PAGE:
Aiptasia sp. anemone. Photo by Dana Riddle.

Since Banger states that his design is new and unique compared to how others are breeding Berghia, I decided to check the Marine Breeding Initiative (MBI) website to see if there are hobbyists using similar methods for breeding Berghia or other organisms like shrimp. In all cases I found hobbyists using bare-bottom tanks or tanks with simple sponge filters with a bit of crushed coral substrate. Banger’s system, while basic, is more involved than I have seen others using at the MBI. A very basic view of his setup would be akin to an undergravel filter system with crushed coral substrate with a way to pull water out from the interstitial space under the filter plate. This water then flows to a central sump containing filtration equipment and then back to the larval tank. While I cannot comment on whether this system works as advertised, it is certainly more “advanced” than what hobbyists are using. Banger states this is how he ran his Berghia breeding business for years in Canada, producing a couple thousand Berghia monthly.

Now for the things I did not like about the book. These are all editorial in nature. I mention these problems since I want to present both the good and the bad so that the reader can make an informed decision about spending $20 for this book. Here were some of the issues I found:

  1. Punctuation mistakes, run-on sentences, and misspellings were evident in the text. One notable misspelling is the plural of nudibranch (it’s ‘nudibranchs‘ not ‘nudibranches‘). The title of the book even suffers from this misspelling.
  2. The author repeats himself at times – sometimes mere paragraphs apart. I found myself saying, “I just read that on the previous page!” on more than one occasion.
  3. There are a couple of chapters that span only a page to a page and a half that could be consolidated. This was especially prevalent in the beginning of the book but less so once the author began describing the design of his systems.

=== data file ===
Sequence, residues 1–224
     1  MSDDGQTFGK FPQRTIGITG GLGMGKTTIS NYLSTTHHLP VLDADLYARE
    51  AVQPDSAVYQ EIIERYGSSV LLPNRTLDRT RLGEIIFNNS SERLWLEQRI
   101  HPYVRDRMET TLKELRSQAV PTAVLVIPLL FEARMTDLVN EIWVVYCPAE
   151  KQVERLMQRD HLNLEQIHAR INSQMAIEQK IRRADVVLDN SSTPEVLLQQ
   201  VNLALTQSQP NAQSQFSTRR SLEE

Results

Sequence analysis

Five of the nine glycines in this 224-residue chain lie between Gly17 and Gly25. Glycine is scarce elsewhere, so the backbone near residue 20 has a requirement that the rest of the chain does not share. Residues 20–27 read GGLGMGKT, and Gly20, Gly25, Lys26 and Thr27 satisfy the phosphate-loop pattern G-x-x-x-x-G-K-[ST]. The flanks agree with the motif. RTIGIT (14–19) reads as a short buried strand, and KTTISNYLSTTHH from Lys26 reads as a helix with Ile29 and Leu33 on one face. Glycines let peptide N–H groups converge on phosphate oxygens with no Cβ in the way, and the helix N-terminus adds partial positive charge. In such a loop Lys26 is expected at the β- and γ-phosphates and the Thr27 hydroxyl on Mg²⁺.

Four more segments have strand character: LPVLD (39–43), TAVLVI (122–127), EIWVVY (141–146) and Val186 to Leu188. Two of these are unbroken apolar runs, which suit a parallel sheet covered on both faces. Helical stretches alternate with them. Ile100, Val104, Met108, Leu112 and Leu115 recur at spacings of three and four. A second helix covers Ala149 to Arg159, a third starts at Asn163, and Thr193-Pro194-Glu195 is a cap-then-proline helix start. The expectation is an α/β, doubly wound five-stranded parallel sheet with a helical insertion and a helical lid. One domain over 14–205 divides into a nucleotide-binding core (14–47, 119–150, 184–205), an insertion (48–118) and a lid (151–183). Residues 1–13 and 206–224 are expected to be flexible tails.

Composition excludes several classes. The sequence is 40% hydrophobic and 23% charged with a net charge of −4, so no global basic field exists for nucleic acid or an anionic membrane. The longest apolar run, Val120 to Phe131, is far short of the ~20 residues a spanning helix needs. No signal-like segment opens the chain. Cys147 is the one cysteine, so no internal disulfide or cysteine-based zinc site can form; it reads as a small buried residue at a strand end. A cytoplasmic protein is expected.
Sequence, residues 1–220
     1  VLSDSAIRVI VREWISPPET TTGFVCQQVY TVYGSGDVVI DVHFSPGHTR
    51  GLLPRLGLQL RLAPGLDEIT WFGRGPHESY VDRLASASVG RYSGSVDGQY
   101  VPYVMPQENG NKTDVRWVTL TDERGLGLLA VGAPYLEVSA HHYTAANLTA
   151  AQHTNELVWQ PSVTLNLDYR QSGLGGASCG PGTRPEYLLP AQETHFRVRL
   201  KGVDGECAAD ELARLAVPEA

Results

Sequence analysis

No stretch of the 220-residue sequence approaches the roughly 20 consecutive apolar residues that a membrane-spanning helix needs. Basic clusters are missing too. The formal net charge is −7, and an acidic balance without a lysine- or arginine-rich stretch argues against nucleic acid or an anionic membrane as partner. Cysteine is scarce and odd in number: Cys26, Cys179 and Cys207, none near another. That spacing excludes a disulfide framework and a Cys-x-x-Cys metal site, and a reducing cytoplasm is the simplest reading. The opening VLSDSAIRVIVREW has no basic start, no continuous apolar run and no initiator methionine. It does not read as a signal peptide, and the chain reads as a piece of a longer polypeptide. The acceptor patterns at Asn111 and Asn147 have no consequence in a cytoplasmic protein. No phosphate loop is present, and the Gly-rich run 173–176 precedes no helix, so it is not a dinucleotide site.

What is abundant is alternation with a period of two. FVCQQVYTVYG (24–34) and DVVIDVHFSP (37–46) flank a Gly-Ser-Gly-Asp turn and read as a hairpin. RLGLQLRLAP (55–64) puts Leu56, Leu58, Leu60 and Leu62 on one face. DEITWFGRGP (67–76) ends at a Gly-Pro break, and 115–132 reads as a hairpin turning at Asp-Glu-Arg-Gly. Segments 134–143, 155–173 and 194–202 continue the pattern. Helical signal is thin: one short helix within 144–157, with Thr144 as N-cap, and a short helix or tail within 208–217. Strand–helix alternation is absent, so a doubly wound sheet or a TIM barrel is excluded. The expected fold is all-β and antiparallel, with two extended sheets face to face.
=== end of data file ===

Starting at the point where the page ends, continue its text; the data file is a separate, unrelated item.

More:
4. Many of the photos placed within the text were not resized proportionally, which made them look stretched. A number of the Berghia photos were skewed in this fashion including the one on the cover.
  5. The interior photos were all black and white.

It is because the author chose to self-publish instead of using a publishing house that these issues exist. Had the book been published through a traditional publishing house, the aforementioned problems should have been resolved. CreateSpace (an subsidiary), which Banger chose to publish his book, gives an individual the tools to self-publish their works, get placement on, and become listed in additional book distribution channels. Anyone can publish their own book using CreateSpace. The downside is that the author is completely responsible for everything that a traditional publishing house would normally take care of: proof reading, cover art and design, marketing, sales, distribution, etc.

I do not want the reader to walk away from this review believing that self-published works are unacceptable. Quite the opposite, I wish more hobbyists would choose this route! Self-publication is a viable way for individuals to distribute information in a consolidated format on specific topics. April Kirkendoll, Martin Moe, Jr. and Advanced Aquarist’s editor Terry Siegel chose the self-published route years ago when information was not easily available in the marine aquarium hobby. Self-published works may not be the most polished product, but they are accessible all-in-one volumes. The alternative is for individuals to piece together information from numerous forum posts, personal emails, conversations, articles, etc. into a method for doing something specific like breeding Berghia, building equipment, or caring for azooxanthellate corals – all of which is time intensive, confusing, and error prone.

The criticism about the black and white photos is a bit nit-picky, as I have grown accustomed to aquarium publications having full color interiors. This can be forgiven, however, as I am certain Banger is trying to hit a certain price point with his book. Publishing the interior photos with 100% color would have added significantly to the cost, especially since the book is self-published.

Even with these caveats, I believe that this book is still beneficial to the hobby, and persons interested in breeding Berghia would find this book useful if nothing more than using it as a springboard to learn a new technique. At this point, it looks as though Mr. Banger is no longer in the aquaculture business, so maybe this is why he has chosen to publish his “best kept secret” for the general public.

Incidentally, the book is also available from (aff) for the same price that Premium Aquatics is selling it for on their website (an Advanced Aquarist sponsor). We highly recommend that if you do purchase the book, you purchase it from our sponsors as they keep this website free for everyone to read.